Measuring the Purity of Gold and
The Gold and silver market value is determined partly by purity. Logically, purer gold or silver mean a higher value. But how do we determine purity percentage, and how do we classify gold and silver that way?
The Millesimal fineness
There is a system of gold, silver and platinum purity denoting called Millesimal fineness. In this system the purity of precious metals are denoted by parts per thousand of pure metal by mass in the alloy. For example an alloy containing 80 percent gold will be denoted as ’’800’’. Some European countries use decimal hallmark stamps like ’’750’’, or ’’800’’, and markings like ’20K’, ’22K’, or anything else with ’K’ is commonly used in USA and Great Britain. This system is just an extension of the well-known karat (or carat) system, which denotes precious metal purity in karats.
The purity of gold and silver can be determined by experienced professionals and assayers , although there are methods you can try at home, for instance rubbing your gold over a porcelain plate, using acid tests or buying electronic testers to determine if your gold is real or not.
Understanding the numbers that denote purity
The precise purity of precious metals can be assessed only by using professional means. Gold purity can be expressed in millesimal fineness, which refers to the gold content in 1.000 parts of a bar. For example, a bar marked as ’’995 fineness’’ is 995 parts gold and 5 parts other metals, impurities, etc. The purest type of gold that can be found in the market is 999.9, also known as ’’four nines gold’’. Nines are not formal, but are a frequently used method of assessing the purity of gold and other precious metals. A gold sample is one nine or one-nine-fine if it is 900 fine, or 90 percent pure.
Some common karat denotations you will find are: 24 karat gold – 99.9 % pure gold (jewelry is not usually made with this high karat weight except in Asian, Indian or Middle Eastern countries, because it is very soft). It can mainly be found in bars and coins. Then we have 18 karat gold or 75 % gold mixed with other metals (sometimes mixed with palladium or silver). Further, we’ve got 14 karat gold or 58.5 % gold. The smallest karat denotation that is usually used for jewellery is 9 karat gold, or 37.5%.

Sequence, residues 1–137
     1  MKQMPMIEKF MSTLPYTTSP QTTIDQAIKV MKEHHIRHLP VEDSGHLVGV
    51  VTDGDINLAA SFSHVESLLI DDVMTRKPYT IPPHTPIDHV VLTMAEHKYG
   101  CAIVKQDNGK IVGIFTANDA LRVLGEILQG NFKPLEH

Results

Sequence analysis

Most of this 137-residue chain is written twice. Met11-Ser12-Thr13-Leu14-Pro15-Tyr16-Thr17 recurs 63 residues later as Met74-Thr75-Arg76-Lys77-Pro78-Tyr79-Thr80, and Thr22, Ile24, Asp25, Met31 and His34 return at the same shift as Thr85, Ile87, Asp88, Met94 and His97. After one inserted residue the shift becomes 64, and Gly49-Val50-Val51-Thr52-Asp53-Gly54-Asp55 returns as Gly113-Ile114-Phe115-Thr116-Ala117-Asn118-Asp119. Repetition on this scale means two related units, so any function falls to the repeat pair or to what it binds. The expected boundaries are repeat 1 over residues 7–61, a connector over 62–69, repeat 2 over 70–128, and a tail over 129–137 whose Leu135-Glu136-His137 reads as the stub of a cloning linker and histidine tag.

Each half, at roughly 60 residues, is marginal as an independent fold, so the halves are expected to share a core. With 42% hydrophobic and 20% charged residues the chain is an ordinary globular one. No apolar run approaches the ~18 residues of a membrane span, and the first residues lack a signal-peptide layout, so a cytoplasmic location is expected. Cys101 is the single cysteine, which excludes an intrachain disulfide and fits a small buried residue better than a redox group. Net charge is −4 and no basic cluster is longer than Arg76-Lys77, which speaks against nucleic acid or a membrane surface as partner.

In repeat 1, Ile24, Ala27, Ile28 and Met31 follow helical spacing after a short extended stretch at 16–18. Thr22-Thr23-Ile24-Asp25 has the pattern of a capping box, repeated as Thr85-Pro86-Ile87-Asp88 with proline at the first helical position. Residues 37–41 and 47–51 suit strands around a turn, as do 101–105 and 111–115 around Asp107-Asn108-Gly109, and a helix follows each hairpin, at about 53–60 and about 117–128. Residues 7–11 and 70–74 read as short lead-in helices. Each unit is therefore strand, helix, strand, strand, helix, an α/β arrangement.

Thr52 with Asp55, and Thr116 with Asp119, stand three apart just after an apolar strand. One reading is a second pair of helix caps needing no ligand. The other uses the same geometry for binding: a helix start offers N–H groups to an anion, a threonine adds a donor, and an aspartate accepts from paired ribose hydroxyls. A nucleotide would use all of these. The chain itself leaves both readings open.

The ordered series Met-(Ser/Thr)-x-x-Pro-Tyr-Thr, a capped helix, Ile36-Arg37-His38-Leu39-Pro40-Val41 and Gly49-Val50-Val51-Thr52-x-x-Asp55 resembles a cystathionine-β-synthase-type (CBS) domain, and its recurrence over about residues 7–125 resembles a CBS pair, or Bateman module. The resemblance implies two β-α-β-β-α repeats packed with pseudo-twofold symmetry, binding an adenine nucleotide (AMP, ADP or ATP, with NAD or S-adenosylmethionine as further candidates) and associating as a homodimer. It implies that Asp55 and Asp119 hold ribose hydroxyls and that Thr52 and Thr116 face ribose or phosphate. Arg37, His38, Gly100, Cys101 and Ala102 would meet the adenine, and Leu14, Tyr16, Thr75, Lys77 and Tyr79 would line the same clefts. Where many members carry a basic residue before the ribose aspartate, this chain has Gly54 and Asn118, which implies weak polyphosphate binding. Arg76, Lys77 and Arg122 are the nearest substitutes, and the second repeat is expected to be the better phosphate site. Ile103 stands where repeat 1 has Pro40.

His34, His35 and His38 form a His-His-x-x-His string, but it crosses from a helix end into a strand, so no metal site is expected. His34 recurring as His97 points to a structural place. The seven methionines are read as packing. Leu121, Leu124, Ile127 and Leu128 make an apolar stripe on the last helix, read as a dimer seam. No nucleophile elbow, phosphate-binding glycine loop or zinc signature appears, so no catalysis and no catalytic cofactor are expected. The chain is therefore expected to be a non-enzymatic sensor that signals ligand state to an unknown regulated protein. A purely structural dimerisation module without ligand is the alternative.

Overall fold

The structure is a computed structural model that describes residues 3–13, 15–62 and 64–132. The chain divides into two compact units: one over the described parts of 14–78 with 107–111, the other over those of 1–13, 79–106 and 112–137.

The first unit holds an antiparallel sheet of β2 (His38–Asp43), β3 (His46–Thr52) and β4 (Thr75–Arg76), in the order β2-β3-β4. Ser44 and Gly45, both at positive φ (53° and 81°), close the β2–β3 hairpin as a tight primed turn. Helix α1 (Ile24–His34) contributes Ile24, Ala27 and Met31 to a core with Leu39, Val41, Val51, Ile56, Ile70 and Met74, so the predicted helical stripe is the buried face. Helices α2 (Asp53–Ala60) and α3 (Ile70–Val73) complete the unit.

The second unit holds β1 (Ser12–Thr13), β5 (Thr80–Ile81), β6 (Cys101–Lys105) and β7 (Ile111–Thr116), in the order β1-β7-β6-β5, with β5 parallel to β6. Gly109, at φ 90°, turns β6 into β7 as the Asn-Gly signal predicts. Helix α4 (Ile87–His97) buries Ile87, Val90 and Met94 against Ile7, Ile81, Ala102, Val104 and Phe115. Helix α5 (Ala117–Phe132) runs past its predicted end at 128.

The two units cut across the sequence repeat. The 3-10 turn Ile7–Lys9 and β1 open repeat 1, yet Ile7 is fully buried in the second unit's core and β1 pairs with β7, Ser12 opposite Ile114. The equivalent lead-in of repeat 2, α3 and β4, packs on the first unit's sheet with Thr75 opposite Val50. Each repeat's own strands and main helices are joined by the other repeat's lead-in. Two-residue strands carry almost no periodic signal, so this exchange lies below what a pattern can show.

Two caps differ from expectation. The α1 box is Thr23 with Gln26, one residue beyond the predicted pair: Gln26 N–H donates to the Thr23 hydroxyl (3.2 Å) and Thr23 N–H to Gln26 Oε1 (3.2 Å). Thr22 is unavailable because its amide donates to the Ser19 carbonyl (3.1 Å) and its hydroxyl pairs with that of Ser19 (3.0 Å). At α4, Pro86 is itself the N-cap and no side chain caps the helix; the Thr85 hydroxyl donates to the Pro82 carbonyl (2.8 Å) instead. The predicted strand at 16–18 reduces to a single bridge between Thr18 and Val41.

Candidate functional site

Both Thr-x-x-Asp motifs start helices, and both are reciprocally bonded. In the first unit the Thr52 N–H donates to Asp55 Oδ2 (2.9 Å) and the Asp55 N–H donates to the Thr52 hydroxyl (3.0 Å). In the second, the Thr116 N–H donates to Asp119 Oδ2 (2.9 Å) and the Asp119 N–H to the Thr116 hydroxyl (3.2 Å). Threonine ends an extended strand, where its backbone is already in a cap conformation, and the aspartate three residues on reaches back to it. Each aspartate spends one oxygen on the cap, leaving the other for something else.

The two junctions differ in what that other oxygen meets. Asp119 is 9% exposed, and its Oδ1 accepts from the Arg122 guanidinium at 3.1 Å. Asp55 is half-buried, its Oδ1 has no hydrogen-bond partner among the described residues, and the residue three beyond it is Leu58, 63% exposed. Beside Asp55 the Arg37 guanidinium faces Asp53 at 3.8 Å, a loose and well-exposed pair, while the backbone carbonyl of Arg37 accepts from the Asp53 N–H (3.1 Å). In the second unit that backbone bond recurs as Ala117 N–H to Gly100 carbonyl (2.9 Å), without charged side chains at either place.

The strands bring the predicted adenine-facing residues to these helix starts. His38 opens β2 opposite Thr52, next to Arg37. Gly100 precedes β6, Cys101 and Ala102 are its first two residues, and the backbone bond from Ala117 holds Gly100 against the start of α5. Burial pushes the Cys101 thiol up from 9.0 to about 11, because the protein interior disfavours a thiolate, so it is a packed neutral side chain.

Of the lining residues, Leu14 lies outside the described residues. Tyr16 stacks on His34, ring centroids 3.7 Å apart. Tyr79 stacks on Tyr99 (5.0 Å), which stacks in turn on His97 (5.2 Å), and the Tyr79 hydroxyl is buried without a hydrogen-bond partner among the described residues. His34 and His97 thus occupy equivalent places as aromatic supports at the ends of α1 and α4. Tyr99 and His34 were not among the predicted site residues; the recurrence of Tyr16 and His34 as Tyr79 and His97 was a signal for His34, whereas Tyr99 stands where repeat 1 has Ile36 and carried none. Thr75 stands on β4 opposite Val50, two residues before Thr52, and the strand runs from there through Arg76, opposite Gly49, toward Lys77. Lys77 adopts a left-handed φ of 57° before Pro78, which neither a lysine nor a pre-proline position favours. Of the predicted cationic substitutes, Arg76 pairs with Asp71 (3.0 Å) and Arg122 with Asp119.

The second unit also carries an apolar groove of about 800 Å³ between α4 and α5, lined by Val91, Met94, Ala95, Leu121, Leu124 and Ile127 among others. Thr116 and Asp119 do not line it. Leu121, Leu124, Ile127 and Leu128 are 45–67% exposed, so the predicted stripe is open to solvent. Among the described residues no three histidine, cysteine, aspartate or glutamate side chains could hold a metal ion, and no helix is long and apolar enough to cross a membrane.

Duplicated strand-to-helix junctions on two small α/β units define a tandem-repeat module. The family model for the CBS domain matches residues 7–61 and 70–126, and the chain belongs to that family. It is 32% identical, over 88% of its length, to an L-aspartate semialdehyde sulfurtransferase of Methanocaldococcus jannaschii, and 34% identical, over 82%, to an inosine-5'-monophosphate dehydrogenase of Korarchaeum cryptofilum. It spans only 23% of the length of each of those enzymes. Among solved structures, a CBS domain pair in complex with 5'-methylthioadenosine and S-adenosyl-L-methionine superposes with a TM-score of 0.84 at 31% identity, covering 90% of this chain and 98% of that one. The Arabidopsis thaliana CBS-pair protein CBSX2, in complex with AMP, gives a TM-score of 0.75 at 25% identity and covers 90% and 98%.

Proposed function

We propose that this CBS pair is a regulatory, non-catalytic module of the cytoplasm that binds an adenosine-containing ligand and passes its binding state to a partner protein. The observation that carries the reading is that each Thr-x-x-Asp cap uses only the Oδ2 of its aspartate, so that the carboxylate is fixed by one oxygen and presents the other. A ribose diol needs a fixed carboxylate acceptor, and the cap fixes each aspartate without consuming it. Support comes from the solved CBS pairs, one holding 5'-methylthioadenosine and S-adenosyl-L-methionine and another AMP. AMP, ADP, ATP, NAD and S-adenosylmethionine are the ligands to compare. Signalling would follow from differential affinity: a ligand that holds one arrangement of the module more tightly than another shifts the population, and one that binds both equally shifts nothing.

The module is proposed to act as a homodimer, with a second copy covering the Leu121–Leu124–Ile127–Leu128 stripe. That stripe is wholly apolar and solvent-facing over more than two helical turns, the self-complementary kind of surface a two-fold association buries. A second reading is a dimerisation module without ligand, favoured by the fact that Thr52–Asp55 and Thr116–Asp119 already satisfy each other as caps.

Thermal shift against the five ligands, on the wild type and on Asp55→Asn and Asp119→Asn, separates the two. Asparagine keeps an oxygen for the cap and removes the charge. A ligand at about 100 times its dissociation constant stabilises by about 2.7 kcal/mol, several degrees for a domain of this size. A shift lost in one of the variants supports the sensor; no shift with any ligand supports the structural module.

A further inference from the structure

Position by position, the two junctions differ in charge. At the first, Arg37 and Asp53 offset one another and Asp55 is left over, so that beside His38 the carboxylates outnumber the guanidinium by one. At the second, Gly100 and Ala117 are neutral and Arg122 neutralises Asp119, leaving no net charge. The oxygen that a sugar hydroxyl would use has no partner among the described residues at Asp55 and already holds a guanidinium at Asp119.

Gold purity classification :
999.99 – the purest type of gold currently produced
999.9 – the purest gold that can be found on market
999 – 24 karats, fine gold
916 – 22 karats
833 – 20 karats
750 – 18 karats
625 – 15 karats
585 – 14 karats
417 – 10 karats
375 – 9 karats
Silver items are commonly 92.5 % pure ( sterling silver), with the remaining 7.5 % consisting of copper (this refers to US specifically). For example, if you wish to call an item ’’silver’’ in the USA, it must contain at least 92.5 % silver, but some items made of silver can contain different percentages depending on the country of origin. Sterling silver jewellery is usually plated with a thin coat of 99.9 % pure silver, to give it a shiny glow.
Silver purity classification :
999.9 – ultra fine silver
999 – fine silver (pure silver three nines fine)
958 – Britannia Silver
950 – French 1st Standard, Mexican silver
925 – Sterling silver
900 – Coin silver one nine fine
830 – Scandinavian silver
800 – German silver, Egyptian silver
By Lisa Casagrande | https://www.goldbullionaustralia.com.au